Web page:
If you listen to the oral history for that marker, Dorothy Eng and Beatrice Wong talk about Chinese American soldiers coming home on leave from WWII and having no place to go—they weren’t welcome at the USO. Eng, Wong and others formed the Chinese Young Women’s Society, and made their own version of the USO there. We also learned from Sue that the bricks for the Hong Lok center came from an older iteration of Oakland High School which were repurposed for the building that was used as the clubhouse.

Given the limited space for text in each 10,000 Steps marker, the text is frequently like a haiku, expressing a complex idea in a few words. Others, like the marker outside the Oakland Museum of California have one word: transform. But reflecting the history of Oakland, ‘transform’ is written in Ohlone, Spanish, English and Chinese. Although the markers are numbered, the tour is designed so that you can do all of it or part of it or just one.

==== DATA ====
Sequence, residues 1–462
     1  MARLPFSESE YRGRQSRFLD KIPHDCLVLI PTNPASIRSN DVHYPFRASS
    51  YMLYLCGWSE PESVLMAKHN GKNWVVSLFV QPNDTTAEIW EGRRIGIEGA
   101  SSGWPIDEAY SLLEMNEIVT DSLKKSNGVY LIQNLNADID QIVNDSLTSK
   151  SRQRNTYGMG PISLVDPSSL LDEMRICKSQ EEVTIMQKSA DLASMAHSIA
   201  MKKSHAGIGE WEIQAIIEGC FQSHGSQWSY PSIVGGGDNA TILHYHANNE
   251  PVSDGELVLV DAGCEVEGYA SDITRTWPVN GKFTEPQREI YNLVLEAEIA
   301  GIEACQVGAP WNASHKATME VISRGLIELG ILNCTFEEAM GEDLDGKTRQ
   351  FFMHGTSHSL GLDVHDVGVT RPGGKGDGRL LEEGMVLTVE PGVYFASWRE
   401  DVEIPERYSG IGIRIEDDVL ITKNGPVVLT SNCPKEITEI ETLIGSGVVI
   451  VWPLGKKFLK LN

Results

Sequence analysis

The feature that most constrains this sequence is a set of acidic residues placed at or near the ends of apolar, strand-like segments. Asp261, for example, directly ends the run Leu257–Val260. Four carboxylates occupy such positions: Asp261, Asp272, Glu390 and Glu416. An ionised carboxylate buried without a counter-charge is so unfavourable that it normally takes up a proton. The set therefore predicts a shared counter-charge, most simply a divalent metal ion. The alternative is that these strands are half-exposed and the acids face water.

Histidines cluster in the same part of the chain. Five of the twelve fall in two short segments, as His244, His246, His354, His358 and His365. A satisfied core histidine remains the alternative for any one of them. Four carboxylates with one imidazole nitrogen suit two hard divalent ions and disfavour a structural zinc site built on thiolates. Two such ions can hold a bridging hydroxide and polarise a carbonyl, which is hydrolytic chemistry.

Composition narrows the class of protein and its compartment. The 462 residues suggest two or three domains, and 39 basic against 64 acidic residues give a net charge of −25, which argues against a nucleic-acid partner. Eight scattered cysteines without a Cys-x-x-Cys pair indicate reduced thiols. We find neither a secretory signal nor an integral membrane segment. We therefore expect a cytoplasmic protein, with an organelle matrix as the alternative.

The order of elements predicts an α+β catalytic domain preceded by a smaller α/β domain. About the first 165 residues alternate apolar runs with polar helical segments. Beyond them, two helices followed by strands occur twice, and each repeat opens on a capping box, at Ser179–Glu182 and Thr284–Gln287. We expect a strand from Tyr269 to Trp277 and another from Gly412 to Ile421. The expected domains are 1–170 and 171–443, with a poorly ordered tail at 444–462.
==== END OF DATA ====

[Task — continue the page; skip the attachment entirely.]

Once Upon A Time, Happily Ever After

One Upon a Time…

From the OMCA, we walked the short distance past Camron-Stanford House to Lake Merritt. There we met with Scott Oliver, the lead artist of the Once Upon A Time, Happily Ever After project. The project is centered on Lake Merritt and title phrase comes from the sign outside Children’s Fairyland. It’s a three-part project: audio tour, interpretive signs, and Lake Merritt souvenirs created by local students and artists.